What JOY for those whose strength comes from the Lord!
What JOY is found when little birds, in faith and trust, are carried on wings like eagles!
"So let us not get tired of doing what is good. At just the right time we will reap a harvest of blessing if we do not give up. Therefore, whenever we have the opportunity, we should do good to everyone - especially those in the family of faith." Gal 6: 9-10
I relished the opportunity to have a couple hours to myself one evening last week. Life, once again, was spinning out of my (perceived) control and I was distancing myself from my emotions - trying to keep the agony from awakening. It seemed, if I allowed the dam to break and let loose the torrential waters of all that was happening... surely I would be overtaken. But if I could just let the sorrow sleep, the loss lie low, then soon this season too shall pass and I would come forth wiser for the wear and tear.
My neighbor, the farmer, atop his green and yellow Deere was plowing, preparing the soil to sow. As much as I wanted to finish the final pages of "Seeking the Face of God," by the masterful Martyn Lloyd Jones... my thoughts kept pulling me to the window and the upturned field. The golden arches of the sun's last strength fizzled, but the diligent farmer continued his work from dusk until dark.
God is always at work. He is upturning the soil of hearts hardened by sin - perpetually present in the world and in the self. He is always cultivating opportunities for our character to reproduce the fruit of His Spirit, because the seed of Christ has been sown in hearts that are His. Scripture says, if anyone is in Christ, we are a new creation and the old seed has passed away and the new seed of the Spirit has been planted (2 Cor 5:17 para).
Another field just down the dirt road already has symmetrical rows of sweet corn, straining through the soil. Only 3 or 4 tender inches have emerged but just enough to reveal what they will become - 10-foot tall sturdy stalks that will produce a hefty harvest.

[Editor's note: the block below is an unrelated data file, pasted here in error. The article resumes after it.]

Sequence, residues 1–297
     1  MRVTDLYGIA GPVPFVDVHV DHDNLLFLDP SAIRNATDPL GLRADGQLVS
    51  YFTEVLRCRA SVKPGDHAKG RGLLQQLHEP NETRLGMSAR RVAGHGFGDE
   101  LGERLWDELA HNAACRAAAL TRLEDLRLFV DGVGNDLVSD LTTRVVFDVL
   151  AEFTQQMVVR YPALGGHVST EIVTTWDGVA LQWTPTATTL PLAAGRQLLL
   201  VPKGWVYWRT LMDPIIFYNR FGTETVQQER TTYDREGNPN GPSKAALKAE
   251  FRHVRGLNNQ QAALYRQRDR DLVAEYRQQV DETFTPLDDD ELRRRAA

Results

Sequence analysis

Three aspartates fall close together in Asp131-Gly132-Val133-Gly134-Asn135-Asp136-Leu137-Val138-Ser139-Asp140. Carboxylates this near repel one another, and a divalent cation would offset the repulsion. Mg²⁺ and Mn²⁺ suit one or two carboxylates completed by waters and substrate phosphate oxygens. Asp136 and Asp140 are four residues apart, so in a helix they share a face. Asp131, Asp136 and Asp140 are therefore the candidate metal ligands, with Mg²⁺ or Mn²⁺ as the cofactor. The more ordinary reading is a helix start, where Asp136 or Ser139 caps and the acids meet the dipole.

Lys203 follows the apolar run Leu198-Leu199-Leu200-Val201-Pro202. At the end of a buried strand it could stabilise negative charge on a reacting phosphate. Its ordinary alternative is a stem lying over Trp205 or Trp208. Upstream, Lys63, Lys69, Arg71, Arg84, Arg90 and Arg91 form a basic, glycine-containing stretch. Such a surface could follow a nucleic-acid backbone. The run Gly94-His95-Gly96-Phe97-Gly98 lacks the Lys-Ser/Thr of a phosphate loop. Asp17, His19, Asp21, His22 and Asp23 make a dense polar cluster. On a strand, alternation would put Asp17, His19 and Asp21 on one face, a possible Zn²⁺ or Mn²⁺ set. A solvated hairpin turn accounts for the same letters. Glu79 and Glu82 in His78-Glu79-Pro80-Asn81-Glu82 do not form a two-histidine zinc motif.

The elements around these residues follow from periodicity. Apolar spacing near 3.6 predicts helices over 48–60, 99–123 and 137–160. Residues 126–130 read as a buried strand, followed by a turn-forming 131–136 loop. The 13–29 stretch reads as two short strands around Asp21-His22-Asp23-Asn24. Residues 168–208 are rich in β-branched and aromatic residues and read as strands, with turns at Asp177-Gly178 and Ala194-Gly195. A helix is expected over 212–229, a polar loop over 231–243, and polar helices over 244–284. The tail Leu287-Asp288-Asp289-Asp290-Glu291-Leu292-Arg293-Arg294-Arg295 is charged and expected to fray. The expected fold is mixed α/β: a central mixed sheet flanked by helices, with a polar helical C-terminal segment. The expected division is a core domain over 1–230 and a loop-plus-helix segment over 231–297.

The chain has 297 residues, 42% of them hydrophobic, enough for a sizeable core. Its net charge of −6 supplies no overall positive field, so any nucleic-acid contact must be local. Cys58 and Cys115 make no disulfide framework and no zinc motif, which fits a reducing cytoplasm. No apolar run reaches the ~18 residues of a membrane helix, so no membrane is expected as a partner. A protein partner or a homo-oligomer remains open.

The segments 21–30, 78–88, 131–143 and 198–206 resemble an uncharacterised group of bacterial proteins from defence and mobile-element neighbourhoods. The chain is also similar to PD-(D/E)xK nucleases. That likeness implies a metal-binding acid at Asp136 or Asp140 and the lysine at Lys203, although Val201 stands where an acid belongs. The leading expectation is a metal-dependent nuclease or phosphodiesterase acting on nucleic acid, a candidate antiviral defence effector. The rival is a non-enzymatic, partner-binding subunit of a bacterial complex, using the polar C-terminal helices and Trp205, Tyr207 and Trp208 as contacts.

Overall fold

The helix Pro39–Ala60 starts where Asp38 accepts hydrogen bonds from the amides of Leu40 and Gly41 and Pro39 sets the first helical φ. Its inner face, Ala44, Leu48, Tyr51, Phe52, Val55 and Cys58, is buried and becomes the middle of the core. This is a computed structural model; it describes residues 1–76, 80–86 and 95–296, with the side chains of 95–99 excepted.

The seed is a miracle. A kernel of powerful potential. Maybe your understanding, experience, or knowledge can comprehend its mystery better than I can - but I don't need to understand it really - I just love to marvel at it and reflect, in my introspective way, on how it teaches us principles of the heart of God, the law of Christ, which is love.
For the past year, several women have been sowing love-seeds into my life. Meals, laughter, learning together, serving, sharing and bearing burdens, opening homes and hearts, and revealing Christ within. None of them would think that they had done anything miraculous; it would seem so seedling small. Yet little did any of us know that the upturned soil of my recent relocation provided just the right conditions for those seeds to take root and begin to grow a grander, more relational faith walk.
I fear, like many of us, that the crushing circumstances of life will harden my heart. I fear that when I have been reduced to the smallest kernel of self that I will not have what it takes to continue. But this is the opposite of what we learn from Jesus. As He approached His imminent death He said, "Unless a kernel of wheat is planted in the soil and dies, it remains alone. But it's death will produce many new kernels - a plentiful harvest of new lives." (John 12:24)
This verse is clearly about a loving Savior who humbled Himself and became man and died the death we deserved to reveal the relational nature of His Father. He who "didn't want heaven without us, so Jesus you brought Heaven down"1. But the principle is for us too. You see, we reap relationships when we also - like Jesus - sow love. While we give something of ourselves away, the return can be so rich!